- actively working at a profession, especially medicine or law.
- actively following a specific way of life, religion, philosophy, etc.: a practicing Catholic.
Origin of practicing
- habitual or customary performance; operation: office practice.
- habit; custom: It is not the practice here for men to wear long hair.
- repeated performance or systematic exercise for the purpose of acquiring skill or proficiency: Practice makes perfect.
- condition arrived at by experience or exercise: She refused to play the piano, because she was out of practice.
- the action or process of performing or doing something: to put a scheme into practice; the shameful practices of a blackmailer.
- the exercise or pursuit of a profession or occupation, especially law or medicine: She plans to set up practice in her hometown.
- the business of a professional person: The doctor wanted his daughter to take over his practice when he retired.
- Law. the established method of conducting legal proceedings.
- Archaic. plotting; intrigue; trickery.
- Usually practices. Archaic. intrigues; plots.
- to perform or do habitually or usually: to practice a strict regimen.
- to follow or observe habitually or customarily: to practice one's religion.
- to exercise or pursue as a profession, art, or occupation: to practice law.
- to perform or do repeatedly in order to acquire skill or proficiency: to practice the violin.
- to train or drill (a person, animal, etc.) in something in order to give proficiency.
- to do something habitually or as a practice.
- to pursue a profession, especially law or medicine.
- to exercise oneself by repeated performance in order to acquire skill: to practice at shooting.
- Archaic. to plot or conspire.
Origin of practice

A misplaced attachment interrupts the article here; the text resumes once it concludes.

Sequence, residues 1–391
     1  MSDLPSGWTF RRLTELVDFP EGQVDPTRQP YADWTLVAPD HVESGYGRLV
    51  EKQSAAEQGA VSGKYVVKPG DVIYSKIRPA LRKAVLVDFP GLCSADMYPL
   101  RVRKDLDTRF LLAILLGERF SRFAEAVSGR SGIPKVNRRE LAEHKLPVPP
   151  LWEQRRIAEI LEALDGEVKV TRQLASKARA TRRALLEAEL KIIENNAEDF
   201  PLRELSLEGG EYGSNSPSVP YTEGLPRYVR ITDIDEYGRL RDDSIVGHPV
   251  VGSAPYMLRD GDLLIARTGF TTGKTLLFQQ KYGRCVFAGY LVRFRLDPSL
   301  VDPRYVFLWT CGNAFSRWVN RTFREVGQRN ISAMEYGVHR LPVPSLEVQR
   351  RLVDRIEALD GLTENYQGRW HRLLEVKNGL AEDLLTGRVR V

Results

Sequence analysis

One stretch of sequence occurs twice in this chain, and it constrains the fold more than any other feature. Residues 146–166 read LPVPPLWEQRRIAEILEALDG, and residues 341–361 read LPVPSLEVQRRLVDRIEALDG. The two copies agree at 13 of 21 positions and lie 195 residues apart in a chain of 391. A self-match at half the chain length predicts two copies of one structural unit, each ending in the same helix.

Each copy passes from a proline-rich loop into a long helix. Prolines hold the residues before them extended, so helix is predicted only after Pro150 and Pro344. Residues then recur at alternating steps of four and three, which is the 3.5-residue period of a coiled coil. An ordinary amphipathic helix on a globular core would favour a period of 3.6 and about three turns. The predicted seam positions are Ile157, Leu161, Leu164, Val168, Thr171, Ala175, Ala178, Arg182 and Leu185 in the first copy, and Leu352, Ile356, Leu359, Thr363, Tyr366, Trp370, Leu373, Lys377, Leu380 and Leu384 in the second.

SynonymsSee more synonyms on Thesaurus.com
Examples from the Web for practicing
They were found guilty of practicing habitual debauchery and inciting others to sexual deviance because of the footage.Sisi Is Persecuting, Prosecuting, and Publicly Shaming Egypt’s Gays
December 30, 2014
Practicing yoga, studies show, can alleviate symptoms of depression and anxiety.9 Ways to Cope With Seasonal Affective Disorder
December 5, 2014
After reading The Game in 2007, he says, he started going out in Switzerland and practicing RSD methods.The Secret World of Pickup Artist Julien Blanc
December 1, 2014
But because he is still a practicing pastor, his name was instead blocked from her publicized affidavit.How Sicko Priests Got Away With It
Barbie Latza Nadeau
November 16, 2014
The Maryland Constitution requires a candidate spend ten years practicing law before running for attorney general.Frontrunner for Attorney General Was Thrown Off Ballot for A.G. of Maryland
October 13, 2014
In some features, one of the most unusual I have seen since I have been practicing law.Within the Law
Did you think we were practicing stage effects in the journals?The Old Countess; or, The Two Proposals
Ann S. Stephens
Oh, how I hate myself for practicing even that much of deceit!The Masked Bridal
Mrs. Georgie Sheldon
The practicing that had gone on in thousands of homes throughout the city was at an end.Pagan Passions
Gordon Randall Garrett
Kit told the story of his practicing with the Vincenti Brothers.The Young Acrobat of the Great North American Circus
Horatio Alger Jr.
- a usual or customary action or proceedingit was his practice to rise at six; he made a practice of stealing stamps
- repetition or exercise of an activity in order to achieve mastery and fluency
- the condition of having mastery of a skill or activity through repetition (esp in the phrases in practice, out of practice)
- the exercise of a professionhe set up practice as a lawyer
- the act of doing somethinghe put his plans into practice
- the established method of conducting proceedings in a court of law
- the US spelling of practise
Word Origin and History for practicing
1620s in reference to professions; from 1906 in reference to religions; present participle adjective from practice (v.).
c.1400, "to do, act;" early 15c., "to follow or employ; to carry on a profession," especially medicine, from Old French pratiser, practiser "to practice," alteration of practiquer, from Medieval Latin practicare "to do, perform, practice," from Late Latin practicus "practical," from Greek praktikos "practical" (see practical).
early 15c., practise, "practical application," originally especially of medicine but also alchemy, education, etc.; from Old French pratiser, from Medieval Latin practicare (see practice (v.)). From early 15c. often assimilated in spelling to nouns in -ice. Also as practic, which survived in parallel into 19c.
- To engage in the profession of medicine or one of the allied health professions.
- The exercise of the profession of medicine.
- The business of a practicing physician or group of physicians, including facilities and customary patients.